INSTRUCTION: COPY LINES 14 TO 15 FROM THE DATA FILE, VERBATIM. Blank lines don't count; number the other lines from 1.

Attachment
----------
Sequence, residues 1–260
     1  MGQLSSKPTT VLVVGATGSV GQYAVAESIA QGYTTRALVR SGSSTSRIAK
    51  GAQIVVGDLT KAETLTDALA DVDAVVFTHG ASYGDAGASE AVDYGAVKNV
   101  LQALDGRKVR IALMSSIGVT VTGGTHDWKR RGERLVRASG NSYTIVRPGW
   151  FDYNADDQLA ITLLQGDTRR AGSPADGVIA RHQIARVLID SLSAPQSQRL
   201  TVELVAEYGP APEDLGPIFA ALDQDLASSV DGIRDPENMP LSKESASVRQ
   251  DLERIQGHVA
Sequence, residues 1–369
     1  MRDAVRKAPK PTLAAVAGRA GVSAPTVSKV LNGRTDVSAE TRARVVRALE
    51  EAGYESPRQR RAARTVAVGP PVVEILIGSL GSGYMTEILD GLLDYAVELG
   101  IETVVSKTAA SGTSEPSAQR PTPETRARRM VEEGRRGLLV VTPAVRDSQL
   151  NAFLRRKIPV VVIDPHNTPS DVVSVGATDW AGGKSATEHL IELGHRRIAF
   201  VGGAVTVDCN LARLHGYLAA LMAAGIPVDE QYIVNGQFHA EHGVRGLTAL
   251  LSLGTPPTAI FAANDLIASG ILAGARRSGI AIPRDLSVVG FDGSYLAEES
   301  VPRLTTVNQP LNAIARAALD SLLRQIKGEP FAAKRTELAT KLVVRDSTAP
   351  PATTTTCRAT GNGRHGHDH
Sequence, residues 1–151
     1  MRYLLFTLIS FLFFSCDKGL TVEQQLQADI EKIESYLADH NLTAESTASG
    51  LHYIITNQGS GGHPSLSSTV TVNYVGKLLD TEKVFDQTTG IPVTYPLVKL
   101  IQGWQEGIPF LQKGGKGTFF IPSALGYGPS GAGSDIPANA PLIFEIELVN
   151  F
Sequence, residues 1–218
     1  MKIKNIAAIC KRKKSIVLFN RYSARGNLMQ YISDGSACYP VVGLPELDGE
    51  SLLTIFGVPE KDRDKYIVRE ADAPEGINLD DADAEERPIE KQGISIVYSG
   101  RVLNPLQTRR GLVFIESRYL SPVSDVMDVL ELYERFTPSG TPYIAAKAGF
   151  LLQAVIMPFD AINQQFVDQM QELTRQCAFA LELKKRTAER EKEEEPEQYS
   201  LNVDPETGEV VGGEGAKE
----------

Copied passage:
   251  LSLGTPPTAI FAANDLIASG ILAGARRSGI AIPRDLSVVG FDGSYLAEES
   301  VPRLTTVNQP LNAIARAALD SLLRQIKGEP FAAKRTELAT KLVVRDSTAP